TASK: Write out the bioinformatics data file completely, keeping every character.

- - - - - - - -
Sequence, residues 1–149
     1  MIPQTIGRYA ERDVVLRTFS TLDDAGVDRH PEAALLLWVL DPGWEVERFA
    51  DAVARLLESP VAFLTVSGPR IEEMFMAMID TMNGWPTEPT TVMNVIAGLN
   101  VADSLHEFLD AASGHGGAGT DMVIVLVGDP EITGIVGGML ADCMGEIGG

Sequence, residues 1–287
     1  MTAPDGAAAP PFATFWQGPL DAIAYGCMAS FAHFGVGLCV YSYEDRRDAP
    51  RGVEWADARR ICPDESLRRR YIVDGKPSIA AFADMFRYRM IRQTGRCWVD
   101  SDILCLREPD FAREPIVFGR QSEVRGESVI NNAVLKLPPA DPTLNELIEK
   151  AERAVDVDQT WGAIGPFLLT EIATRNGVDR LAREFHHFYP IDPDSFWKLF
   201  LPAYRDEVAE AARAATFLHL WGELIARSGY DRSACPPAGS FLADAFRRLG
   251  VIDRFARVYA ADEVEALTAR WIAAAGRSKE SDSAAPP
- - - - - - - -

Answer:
Sequence, residues 1–149
     1  MIPQTIGRYA ERDVVLRTFS TLDDAGVDRH PEAALLLWVL DPGWEVERFA
    51  DAVARLLESP VAFLTVSGPR IEEMFMAMID TMNGWPTEPT TVMNVIAGLN
   101  VADSLHEFLD AASGHGGAGT DMVIVLVGDP EITGIVGGML ADCMGEIGG

Sequence, residues 1–287
     1  MTAPDGAAAP PFATFWQGPL DAIAYGCMAS FAHFGVGLCV YSYEDRRDAP
    51  RGVEWADARR ICPDESLRRR YIVDGKPSIA AFADMFRYRM IRQTGRCWVD
   101  SDILCLREPD FAREPIVFGR QSEVRGESVI NNAVLKLPPA DPTLNELIEK
   151  AERAVDVDQT WGAIGPFLLT EIATRNGVDR LAREFHHFYP IDPDSFWKLF
   201  LPAYRDEVAE AARAATFLHL WGELIARSGY DRSACPPAGS FLADAFRRLG
   251  VIDRFARVYA ADEVEALTAR WIAAAGRSKE SDSAAPP